Although there are plenty of players who would like to have Spieth’s current putting “problems,” he does have a victory and five top-10 finishes, when the bar has been set so high any fluctuation, however incremental, will be picked apart.

“Every player goes through it,” said Ryan Palmer, Spieth’s partner at the Zurich Classic last month. “He's trying to get back to where he was. He's one of the best putters on Tour, there is no doubt about that. I'm not really too worried about him struggling.”

It’s safe to say Spieth isn’t overly concerned with either his current putting line or his decision to try something new last week in Dallas. Nor did the 23-year-old seem interested in the notion that he and his old putter have some sort of manifest destiny relationship, like Jones had with Calamity Jane.

Instead, Spieth remembers a teen-aged tale of why he put the Scotty Cameron 009 into his bag in the first place.

“I used to putt extremely well with a [Scotty Cameron] Teryllium with a different neck before that one. I switched because Adam Scott and Geoff Ogilvy used the putter I use now way back when,” he said. “I thought the putter was really cool. I didn't know if it was the best for me or not, but I thought the putter was cool so I started using it. That was when I was probably 15, 16.”

It wasn’t some mystic path that led Spieth to start using his old putter, only an adolescent's interests. Just as his decision to switch things up last week wasn’t the seismic competitive shift it was made out to be, only an attempt to change things up in search of a different result.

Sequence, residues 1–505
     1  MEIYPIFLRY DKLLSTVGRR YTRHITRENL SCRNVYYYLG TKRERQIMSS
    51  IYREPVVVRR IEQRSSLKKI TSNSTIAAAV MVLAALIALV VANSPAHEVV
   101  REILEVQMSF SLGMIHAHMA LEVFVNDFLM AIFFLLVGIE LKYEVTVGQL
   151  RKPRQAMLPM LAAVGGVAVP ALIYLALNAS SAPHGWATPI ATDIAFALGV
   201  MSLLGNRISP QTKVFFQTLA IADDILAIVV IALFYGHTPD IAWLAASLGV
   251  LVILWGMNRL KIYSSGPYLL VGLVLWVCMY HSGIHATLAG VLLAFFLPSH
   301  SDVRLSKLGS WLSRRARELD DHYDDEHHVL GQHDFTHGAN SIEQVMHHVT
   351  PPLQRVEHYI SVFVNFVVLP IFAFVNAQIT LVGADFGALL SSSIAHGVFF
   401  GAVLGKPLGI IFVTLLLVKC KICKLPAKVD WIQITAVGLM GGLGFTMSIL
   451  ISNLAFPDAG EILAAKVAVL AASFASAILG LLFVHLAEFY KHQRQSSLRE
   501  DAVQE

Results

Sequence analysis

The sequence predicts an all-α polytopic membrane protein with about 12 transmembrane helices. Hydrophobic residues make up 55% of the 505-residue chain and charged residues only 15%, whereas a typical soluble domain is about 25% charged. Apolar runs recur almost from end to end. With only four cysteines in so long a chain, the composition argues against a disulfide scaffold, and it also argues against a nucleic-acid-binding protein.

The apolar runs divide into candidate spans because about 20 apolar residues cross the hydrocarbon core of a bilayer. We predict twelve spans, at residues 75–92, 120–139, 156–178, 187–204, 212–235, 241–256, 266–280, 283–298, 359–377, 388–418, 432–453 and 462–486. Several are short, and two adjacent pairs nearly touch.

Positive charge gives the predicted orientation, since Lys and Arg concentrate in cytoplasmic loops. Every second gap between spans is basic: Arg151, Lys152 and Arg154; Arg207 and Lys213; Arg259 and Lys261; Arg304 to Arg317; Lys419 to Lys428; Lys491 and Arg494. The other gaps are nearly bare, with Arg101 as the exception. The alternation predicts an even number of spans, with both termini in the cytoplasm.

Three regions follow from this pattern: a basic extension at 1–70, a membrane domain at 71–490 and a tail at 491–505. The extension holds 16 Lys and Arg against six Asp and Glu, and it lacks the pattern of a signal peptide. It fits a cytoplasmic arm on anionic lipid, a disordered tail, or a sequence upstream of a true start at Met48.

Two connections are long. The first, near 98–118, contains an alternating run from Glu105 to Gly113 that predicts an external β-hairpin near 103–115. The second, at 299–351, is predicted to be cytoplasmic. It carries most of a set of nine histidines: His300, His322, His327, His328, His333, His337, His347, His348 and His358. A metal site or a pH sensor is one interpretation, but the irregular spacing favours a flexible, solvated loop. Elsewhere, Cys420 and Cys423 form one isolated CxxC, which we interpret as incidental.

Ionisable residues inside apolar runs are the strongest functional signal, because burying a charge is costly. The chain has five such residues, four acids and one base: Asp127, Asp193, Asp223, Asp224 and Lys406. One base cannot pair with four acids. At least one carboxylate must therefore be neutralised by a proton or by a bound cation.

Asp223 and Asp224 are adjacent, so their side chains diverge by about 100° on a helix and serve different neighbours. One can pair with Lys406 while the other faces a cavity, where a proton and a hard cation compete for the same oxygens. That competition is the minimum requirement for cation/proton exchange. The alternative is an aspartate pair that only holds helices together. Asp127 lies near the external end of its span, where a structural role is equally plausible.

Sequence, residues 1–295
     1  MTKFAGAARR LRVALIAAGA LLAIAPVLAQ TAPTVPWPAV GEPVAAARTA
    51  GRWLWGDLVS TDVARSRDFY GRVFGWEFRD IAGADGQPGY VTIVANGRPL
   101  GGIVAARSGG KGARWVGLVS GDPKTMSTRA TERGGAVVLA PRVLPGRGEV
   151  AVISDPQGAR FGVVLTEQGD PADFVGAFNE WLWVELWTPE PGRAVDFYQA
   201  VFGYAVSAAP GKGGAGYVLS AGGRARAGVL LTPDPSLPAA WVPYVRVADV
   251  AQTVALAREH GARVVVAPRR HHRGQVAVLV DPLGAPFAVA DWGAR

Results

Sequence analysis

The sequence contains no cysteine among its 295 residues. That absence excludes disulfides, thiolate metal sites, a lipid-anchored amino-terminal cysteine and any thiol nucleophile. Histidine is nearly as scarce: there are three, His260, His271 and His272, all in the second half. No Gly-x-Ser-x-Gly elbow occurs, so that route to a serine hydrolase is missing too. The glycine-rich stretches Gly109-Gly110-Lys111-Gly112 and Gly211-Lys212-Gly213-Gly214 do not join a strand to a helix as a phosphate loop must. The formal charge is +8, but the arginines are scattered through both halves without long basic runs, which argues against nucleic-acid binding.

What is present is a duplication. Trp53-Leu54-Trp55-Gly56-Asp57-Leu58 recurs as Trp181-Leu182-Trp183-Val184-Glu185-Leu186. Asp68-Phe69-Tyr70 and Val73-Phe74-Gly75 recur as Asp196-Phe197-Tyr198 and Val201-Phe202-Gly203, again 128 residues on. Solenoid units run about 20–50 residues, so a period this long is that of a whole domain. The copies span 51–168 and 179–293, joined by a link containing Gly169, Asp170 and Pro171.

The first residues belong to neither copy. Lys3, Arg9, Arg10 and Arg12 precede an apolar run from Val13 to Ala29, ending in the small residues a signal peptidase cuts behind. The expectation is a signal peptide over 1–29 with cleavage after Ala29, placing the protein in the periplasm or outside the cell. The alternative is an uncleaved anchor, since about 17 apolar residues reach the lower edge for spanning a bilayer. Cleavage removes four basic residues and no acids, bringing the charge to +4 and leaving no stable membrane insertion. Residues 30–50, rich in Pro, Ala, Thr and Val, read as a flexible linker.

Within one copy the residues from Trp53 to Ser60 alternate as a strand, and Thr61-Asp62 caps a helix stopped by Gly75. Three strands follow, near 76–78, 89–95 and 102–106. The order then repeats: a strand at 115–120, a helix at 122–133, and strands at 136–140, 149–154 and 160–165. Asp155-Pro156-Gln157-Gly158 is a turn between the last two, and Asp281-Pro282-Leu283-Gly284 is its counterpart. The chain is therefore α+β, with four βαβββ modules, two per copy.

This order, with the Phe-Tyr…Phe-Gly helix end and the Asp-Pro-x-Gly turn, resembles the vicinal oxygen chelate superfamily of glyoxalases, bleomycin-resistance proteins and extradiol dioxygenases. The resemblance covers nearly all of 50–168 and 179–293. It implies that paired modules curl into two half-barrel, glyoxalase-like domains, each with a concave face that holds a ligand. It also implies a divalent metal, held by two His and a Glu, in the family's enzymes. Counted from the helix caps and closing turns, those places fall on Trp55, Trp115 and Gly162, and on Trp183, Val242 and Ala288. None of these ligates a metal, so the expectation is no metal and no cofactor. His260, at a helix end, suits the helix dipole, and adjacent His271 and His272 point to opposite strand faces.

Day (68) just one back at Australian Open

By Nick MentaNovember 24, 2017, 6:40 am

Jason Day posted a second-round 68 to move himself just one off the lead held by Lucas Herbert through two rounds at the Emirates Australian Open. Here’s where things stand after 36 holes in Sydney.

Leaderboard: Herbert (-9), Day (-8), Cameron Davis (-7), Anthony Quayle (-6), Matt Jones (-4), Cameron Smith (-4), Nick Cullen (-4), Richard Green (-4)

What it means: Day is in search of his first worldwide victory of 2017. The former world No. 1 last visited the winner’s circle in May 2016, when he won The Players at TPC Sawgrass. A win this week would close out a difficult year for the Aussie who struggled with his game while also helping his mother in her battle with cancer. Day’s last victory on his native soil came in 2013, when he partnered with Adam Scott to win the World Cup of Golf for Australia at Royal Melbourne.

Full-field scores from the Emirates Australian Open

Round of the day: Herbert followed an opening 67 with a round of 66 to vault himself into the lead at The Australian Golf Club. He made six birdies, including four on his second nine, against a lone bogey to take the outright lead. The 22-year-old, who held the lead at this event last year and captured low-amateur honors in 2014, is coming off a runner-up finish at the NSW Open Championship, which boosted him from 714th to 429th in the Official World Golf Ranking. His 5-under score was matched by Dale Brandt-Richards and Josh Cabban.

Best of the rest: Matt Jones, who won this event over Jordan Spieth and Adam Scott two years ago, turned in 4-under 67. Jones is best known to American audiences for his playoff victory at the 2014 Shell Houston Open and for holding the 36-hole lead at the 2015 PGA Championship at Whistling Straits, which was eventually won by Day. Jones will start the weekend five shots off the lead, at 4 under par.